4.5 billion years – Earth. Yeah, it has been here awhile. My son and I are currently entranced by photos of Earth taken by UK astronaut, Tim Peake, presented in his book “Hello, Is This Planet Earth? My View from the International Space Station”.
Our favorite photos:
- the dazzling night time photo of Italy…I don’t know why this shocked us, but from space, the shape of Italy looks exactly how it looks on our globe.
- the cartoony, loopy route of the Amazon River
Before we gazed at the photos we got firm with a few facts:
- The moon is approximately 240,000 miles from Earth
- Low Earth Orbit (LEO to those in the know) – is anything that circles the Earth within an altitude of 1,200 miles from Earth
- The International Space Station orbits at an altitude of approximately 220 miles above the Earth, well within LEO
- the ISS circles the Earth 16 times a day – the photographer’s opportunity for “the perfect shot” is minuscule (this book represents a lot of planning)
250 million years – Crocodiles. Yeah, they have been here awhile. We’ve just finished Owen Davey’s “Curious about Crocodiles” (graphics: A++). But, oh dear, crocodiles. Everything about them is bad news. My son and I mused over this: what if we were crocodiles and the only good thing anybody could say about us was that we help regulate populations of other species by preying on them?
35 million years – Squirrels. Yeah, they have been here a while. We decided to learn more about squirrels since we have been glaring at one (“Dennis”, our own personal backyard menace) every single day since we installed our bird feeder. We are picking and choosing our reading topics in the Thorington/Ferrell book, “Squirrels, The Animal Answer Guide”. Sad fact: only 25% of squirrels make it to their first birthday party. The rest provide banquet fare for ever so many larger animals. From what we’ve read, those who make it past their first birthday can be found congregating around bird feeders.
200,000 years – Man. New kid on the block. Let’s just admit that we don’t stand a chance against crocodiles and squirrels.
17,000 years ago – Cave Paintings of Lascaux. Yeah, these have been here awhile. We did a quick internet study of the breathtaking, graceful drawings of horses, bulls, and deer found in the French caves. This inspired our new Read ’n’ Draw project: once a week I give my son drawing paper that has been divided into 4 squares. Atop each square is a noun (like arrow, question mark, cat head, snail, stop sign, Saturn). Without me saying the word aloud, my son has to draw a picture of the noun. A fun, satisfying activity, with results so close to being breathtaking and graceful.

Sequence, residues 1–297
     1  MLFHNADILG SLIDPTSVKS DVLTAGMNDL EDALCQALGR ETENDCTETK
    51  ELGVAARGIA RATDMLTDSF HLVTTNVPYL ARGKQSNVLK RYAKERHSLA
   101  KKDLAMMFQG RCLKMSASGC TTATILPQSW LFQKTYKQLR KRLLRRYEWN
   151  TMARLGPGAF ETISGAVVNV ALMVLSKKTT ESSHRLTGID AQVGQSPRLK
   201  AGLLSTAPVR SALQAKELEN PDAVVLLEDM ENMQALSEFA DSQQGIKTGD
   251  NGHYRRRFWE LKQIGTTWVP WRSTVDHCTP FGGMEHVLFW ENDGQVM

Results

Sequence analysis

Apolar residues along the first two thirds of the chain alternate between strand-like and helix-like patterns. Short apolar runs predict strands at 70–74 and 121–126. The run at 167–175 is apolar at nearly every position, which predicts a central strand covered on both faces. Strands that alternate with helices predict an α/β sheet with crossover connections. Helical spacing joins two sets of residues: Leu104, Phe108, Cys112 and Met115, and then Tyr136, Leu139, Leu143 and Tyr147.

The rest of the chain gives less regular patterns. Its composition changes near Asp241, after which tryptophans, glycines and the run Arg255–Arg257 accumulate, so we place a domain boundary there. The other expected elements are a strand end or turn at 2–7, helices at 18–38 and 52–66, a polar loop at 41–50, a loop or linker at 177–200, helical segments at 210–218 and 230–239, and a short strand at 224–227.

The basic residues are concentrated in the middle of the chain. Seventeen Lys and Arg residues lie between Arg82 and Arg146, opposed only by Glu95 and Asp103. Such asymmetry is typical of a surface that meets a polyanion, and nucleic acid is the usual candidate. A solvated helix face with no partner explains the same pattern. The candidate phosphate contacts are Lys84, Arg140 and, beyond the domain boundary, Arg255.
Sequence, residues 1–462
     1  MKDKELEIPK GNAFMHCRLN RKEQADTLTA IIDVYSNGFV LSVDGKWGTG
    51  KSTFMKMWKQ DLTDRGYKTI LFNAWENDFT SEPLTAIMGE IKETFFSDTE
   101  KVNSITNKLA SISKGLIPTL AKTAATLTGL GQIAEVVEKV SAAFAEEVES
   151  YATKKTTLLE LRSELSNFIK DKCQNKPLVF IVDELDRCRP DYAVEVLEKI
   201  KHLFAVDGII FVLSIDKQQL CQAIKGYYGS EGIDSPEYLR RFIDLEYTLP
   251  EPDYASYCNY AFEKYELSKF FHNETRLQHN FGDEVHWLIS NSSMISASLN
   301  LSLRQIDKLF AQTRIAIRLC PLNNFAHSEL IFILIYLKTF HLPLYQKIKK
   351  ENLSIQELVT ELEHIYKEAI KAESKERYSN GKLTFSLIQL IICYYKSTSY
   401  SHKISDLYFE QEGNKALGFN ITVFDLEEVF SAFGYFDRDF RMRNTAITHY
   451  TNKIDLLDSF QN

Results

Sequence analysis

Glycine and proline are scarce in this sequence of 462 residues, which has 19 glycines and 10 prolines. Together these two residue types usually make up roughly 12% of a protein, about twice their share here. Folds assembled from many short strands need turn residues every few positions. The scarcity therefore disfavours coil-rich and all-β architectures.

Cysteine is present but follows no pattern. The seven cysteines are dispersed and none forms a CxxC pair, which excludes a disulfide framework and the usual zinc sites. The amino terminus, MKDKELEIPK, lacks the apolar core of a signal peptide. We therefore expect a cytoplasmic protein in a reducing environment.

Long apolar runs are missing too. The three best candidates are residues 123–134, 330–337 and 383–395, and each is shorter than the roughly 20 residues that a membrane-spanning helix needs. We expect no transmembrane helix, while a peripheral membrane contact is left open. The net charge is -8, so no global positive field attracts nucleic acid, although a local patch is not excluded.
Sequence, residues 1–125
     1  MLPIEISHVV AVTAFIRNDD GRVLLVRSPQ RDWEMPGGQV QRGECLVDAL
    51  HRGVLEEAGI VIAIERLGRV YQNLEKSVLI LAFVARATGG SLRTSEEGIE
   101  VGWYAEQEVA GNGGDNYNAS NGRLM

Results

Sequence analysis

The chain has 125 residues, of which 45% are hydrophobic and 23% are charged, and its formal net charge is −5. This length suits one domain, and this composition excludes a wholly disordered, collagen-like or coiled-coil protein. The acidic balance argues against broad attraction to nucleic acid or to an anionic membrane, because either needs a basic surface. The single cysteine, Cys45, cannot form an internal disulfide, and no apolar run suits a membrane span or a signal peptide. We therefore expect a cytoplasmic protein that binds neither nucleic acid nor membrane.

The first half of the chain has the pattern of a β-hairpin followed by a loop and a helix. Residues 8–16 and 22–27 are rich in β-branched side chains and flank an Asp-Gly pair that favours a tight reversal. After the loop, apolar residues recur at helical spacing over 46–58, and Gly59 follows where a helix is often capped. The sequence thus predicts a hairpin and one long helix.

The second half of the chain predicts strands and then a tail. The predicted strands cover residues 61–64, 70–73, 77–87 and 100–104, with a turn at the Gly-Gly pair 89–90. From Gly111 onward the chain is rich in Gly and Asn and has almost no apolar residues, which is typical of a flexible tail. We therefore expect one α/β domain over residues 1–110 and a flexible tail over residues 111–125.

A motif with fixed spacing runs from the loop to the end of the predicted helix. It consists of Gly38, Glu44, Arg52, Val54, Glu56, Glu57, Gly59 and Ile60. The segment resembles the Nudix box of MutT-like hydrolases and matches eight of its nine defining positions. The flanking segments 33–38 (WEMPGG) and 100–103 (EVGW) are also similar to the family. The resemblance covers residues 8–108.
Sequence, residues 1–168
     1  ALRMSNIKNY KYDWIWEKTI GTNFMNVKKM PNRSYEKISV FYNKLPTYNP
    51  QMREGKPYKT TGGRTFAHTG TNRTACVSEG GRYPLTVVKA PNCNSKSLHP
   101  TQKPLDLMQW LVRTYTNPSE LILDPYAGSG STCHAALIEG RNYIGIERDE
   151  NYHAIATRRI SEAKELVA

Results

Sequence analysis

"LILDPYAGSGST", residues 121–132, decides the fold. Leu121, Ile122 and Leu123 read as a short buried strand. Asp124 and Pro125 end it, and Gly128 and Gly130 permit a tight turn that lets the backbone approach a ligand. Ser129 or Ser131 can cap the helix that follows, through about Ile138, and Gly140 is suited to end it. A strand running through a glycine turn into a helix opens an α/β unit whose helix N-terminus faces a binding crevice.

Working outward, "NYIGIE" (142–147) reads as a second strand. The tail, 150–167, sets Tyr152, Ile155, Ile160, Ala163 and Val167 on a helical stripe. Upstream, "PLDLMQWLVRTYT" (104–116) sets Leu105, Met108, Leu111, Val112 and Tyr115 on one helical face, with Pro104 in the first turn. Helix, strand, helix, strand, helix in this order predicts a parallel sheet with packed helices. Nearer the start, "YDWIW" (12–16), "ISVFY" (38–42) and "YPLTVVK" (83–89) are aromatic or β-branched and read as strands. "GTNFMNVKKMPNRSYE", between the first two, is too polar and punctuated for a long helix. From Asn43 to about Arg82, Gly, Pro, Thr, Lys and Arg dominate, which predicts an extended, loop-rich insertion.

These books have been around awhile – recent fiction re-visits:
- from 1958, Mary Nash’s “While Mrs. Coverlet was Away”. We read this every August and we love every theme (self reliance, cats, vitamins, neighbors) in this fun, original work. Maybe the best overlooked part is found in chapter 15; a captivating account of “turtling” at the local slough…by the end of of this descriptive narrative we feel as sweaty, sunburned, muddy as the book’s characters – an afternoon well spent.
- from 1941, Holling C. Holling’s (we pause to consider the author’s name)(sorry, we are that immature) “Paddle to the Sea”. This is our second time through this poetic and observant journey through the Great Lakes, and we are focusing on the geography aspects.
The Local Diner – Yeah, it has been here awhile. A story problem to elucidate: One of the busboys was rummaging around the diner attic and found a chest filled with old menus. The diner called in designer, “Miss Jane”, who selected a menu from 1920, 1930, 1950, and 1960 to frame and install near the entrance of the diner. The designer said she would be able to frame the menus in jazzy retro “diner style” colors for $80 each. But the diner accountant, “Mr. Tom”, said that he could frame the menus with supplies from the local mega art store for $25 each.
– If diner management selects Miss Jane to frame the menus (which really is the best idea), how much more will they spend on the project, than they would if Mr. Tom’s plan was put into action?
a) $25 b) $80 c) $180 d) $220
– If Mr. Tom is directed to purchase the cheapo frames, and the frames fall apart after one year and have to be replaced, this time using Miss Jane’s framing services, how much will the diner have spent to have the menus framed twice?
a) $150 b) $420 c) $575 d) $1,000 (answers at bottom of post)
Classical Music Corner – The Symphony – Yeah, it has been here awhile. Franz Joseph Haydn composed from the mid-to-late 1700’s and created a 4-movement template for symphony construction that has been used by a majority of composers to this day. Cheers for Haydn’s organizational skills! Cheers for the following Haydn compositions:
1785 – Symphony # 83 in G minor, known to all as “La Poule” (the hen), movement 4. Jaunty, happy, sort of fussy-precise…this is the piece where we can hear bits of “Pop Goes the Weasel” –
1787 – Symphony #88 in G major, movement 4. We refer to this as “Busy Bugs”. Who can hear this and not envision jillions of ladybugs on roller skates? This piece flies! We came across this movement about a month ago and have listened to it about 15 times. My son LOVES it –
1791 – Symphony #94 in G major known to all as “Surprise Symphony”, movement 2, this performance conducted by one of our favorites, Mariss Jansons. We wait in anticipation for the mighty boom (about a half minute into the piece) –
Welcome to the best part of my day,
– Jane BH
(story problem answers: d) $220 and b) $420)